Yesterday, the conservative Weekly Standard leveled what Politico described as an “explosive” accusation against the White House, accusing its operatives of improperly snooping on the tax returns of Koch Industries, the giant oil and gas conglomerate owned by right-wing mega-donors Charles and David Koch.
Based solely on the account of the Koch’s general counsel, the Weekly Standard alleged that the White House had obtained, and subsequently revealed, private tax data about the company. According to the Standard, during a conference call with reporters last month, an unnamed administration official suggested Koch was one of a “series of entities that do not pay corporate income tax.” Indeed, many companies that are privately owned do not pay corporate taxes, but instead “pass through” their profits to the company’s owners, who then pay personal income tax on the profit.
A company’s tax status is confidential, so Koch’s lawyer and the Standard — noting that the White House and the Koch brothers have clashed publicly in the past over their funding of right-wing attack groups — are suggesting that the White House learned of Koch’s status by illegally obtaining information from the IRS. Other right-wing blogs piled on, and by this afternoon, Fox News dutifully chimed in to defend Koch. Almost entirely ignoring the actual details of the story, host Megyn Kelly and legal analyst Peter Johnson Jr. wondered if “this is a return to the Nixon’s enemy list,” and suggested that the White House is trying to “intimidate” its “political rivals”:
Koch’s lawyer is not denying the claim that the company doesn’t pay corporate taxes, but rather is concerned about how the White House knew. But as the White House noted in a statement to Politico, this assumption could be easily made by merely visiting the company’s website, which explains that most of its subsidiaries are the types of companies that are generally “pass-through entities,” and thus do not pay corporate taxes. Rather, they pass profits onto the owners who in turn pay personal income tax. The White House flatly denied any wrong doing, further explaining that several experts testified before a presidential economic board about Koch’s tax status. “If this information is incorrect, we are happy to revise statements,” the White House statement continued.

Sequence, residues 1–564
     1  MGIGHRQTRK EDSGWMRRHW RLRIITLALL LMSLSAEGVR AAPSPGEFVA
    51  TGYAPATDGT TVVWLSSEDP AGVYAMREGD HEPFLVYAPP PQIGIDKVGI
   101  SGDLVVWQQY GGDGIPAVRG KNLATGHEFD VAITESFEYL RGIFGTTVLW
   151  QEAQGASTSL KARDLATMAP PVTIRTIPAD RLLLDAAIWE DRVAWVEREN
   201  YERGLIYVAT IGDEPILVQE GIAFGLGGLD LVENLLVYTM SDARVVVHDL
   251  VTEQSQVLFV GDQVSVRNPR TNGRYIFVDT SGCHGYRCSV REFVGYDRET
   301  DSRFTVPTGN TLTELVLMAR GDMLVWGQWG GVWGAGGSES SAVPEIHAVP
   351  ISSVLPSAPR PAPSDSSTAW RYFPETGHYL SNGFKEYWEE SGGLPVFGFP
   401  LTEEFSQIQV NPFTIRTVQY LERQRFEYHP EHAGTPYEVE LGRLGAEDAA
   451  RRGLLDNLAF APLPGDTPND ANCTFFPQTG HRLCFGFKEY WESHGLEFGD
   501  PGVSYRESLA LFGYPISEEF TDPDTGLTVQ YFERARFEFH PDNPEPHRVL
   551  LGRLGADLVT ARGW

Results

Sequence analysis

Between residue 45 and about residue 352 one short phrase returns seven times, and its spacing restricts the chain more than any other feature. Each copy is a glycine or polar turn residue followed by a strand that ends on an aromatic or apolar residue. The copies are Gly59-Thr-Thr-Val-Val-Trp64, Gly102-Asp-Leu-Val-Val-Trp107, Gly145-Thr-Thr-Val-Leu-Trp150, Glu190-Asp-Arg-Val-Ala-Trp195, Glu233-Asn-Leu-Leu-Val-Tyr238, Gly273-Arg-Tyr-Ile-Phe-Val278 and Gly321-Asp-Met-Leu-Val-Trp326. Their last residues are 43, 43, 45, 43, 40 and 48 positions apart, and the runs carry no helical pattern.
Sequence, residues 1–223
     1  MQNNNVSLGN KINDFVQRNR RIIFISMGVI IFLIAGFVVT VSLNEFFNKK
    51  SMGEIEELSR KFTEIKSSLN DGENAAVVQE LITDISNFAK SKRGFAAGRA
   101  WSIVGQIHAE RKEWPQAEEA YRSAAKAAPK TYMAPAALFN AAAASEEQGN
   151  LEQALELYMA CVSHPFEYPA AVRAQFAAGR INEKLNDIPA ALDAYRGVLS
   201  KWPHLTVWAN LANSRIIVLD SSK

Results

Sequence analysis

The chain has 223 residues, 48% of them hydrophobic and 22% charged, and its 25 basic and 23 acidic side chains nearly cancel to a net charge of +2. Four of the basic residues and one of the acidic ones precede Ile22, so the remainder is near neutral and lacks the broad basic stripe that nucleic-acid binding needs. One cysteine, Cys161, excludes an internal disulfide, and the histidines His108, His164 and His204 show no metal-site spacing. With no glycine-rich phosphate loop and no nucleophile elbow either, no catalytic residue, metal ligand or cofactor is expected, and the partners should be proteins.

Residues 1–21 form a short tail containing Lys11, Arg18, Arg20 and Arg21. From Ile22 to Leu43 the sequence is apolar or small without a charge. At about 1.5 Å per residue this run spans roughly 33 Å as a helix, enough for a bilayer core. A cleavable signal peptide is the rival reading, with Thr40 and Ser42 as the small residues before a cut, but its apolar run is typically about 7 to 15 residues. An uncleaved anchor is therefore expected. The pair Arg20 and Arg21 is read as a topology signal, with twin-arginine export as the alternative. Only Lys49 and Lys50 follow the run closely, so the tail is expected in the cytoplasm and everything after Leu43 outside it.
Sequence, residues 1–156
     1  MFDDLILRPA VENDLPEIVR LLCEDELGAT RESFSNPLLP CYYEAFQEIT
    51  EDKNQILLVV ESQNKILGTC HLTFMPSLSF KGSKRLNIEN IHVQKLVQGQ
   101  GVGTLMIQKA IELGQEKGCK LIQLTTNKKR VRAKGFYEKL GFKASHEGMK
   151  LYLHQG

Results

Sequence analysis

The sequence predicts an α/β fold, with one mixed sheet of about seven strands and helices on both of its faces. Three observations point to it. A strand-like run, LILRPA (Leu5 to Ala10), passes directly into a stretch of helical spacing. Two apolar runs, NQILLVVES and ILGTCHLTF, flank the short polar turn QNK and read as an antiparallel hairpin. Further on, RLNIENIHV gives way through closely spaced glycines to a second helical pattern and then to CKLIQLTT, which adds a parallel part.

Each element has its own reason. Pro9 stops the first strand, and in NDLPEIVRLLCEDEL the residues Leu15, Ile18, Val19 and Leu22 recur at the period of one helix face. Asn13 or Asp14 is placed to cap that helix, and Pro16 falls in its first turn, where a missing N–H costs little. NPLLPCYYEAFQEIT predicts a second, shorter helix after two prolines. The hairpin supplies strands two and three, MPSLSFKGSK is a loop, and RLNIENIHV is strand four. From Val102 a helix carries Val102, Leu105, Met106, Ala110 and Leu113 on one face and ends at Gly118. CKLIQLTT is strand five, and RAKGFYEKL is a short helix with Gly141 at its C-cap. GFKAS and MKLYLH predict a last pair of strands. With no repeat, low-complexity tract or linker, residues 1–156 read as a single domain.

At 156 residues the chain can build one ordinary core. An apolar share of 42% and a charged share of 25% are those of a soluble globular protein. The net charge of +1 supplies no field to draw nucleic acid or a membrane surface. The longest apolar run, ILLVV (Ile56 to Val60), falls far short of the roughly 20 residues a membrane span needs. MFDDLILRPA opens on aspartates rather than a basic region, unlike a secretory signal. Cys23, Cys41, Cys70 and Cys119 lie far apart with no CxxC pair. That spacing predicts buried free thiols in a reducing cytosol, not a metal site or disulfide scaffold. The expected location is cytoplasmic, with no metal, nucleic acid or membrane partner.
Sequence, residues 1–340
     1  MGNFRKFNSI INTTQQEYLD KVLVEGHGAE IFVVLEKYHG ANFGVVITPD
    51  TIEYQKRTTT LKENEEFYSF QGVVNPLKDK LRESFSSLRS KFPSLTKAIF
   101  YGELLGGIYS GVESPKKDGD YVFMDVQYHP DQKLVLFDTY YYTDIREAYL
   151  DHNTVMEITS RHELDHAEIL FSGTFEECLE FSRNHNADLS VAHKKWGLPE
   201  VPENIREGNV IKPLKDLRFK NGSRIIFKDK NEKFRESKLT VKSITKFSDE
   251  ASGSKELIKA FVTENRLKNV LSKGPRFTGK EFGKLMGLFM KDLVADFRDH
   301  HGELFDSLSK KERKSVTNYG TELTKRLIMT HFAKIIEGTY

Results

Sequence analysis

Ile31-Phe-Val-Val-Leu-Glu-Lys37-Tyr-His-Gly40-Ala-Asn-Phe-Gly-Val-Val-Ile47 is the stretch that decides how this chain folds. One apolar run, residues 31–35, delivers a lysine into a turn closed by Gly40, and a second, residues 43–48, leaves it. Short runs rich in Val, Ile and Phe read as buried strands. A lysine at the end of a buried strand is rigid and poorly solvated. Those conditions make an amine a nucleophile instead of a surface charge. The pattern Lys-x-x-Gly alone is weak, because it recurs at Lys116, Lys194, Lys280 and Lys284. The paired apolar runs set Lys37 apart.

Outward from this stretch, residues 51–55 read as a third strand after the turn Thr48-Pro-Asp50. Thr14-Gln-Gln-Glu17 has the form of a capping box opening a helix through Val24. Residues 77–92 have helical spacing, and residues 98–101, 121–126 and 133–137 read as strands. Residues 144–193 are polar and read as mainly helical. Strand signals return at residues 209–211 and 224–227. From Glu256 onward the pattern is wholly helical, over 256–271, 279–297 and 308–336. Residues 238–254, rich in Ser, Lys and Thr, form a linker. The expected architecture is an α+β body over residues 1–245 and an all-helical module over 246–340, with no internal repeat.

Of course, this kind of wild conspiracy theorizing is nothing new for Weekly Standard, which has implicated the Obama White House in nefarious (and entirely fabricated) schemes to blackmail Sen. Ben Nelson (D-NE) into voting for the Affordable Care Act, buy Rep. Jim Matheson’s (D-UT) vote on the bill, and bribe Rep. Joe Sestak (D-PA) to drop out of a Democratic primary. None of these false charges have prevented more mainstream outlets from repeatedly turning to the Weekly Standard as a reliable source. But the tax status of Koch Industries speaks to a much larger issue than the right-wing media’s attempt to baselessly implicate the White House in illegal activity.
In the ongoing debate about extending the Bush tax cuts for the wealthy, Republicans repeatedly insist that “small businesses” will be dangerously impacted by the tax rates resetting to a higher level. In reality, as House Minority Leader John Boehner (R-OH) himself has admitted, just three percent of small businesses would actually be affected. Moreover, many of the “small businesses” Republicans whine about are actually huge corporations, such as accounting giant PriceWaterHouseCooper, engineering juggernaught Bechtel Corp., and — if it is indeed a “pass-through” company — Koch Industries, the nation’s second-largest private company.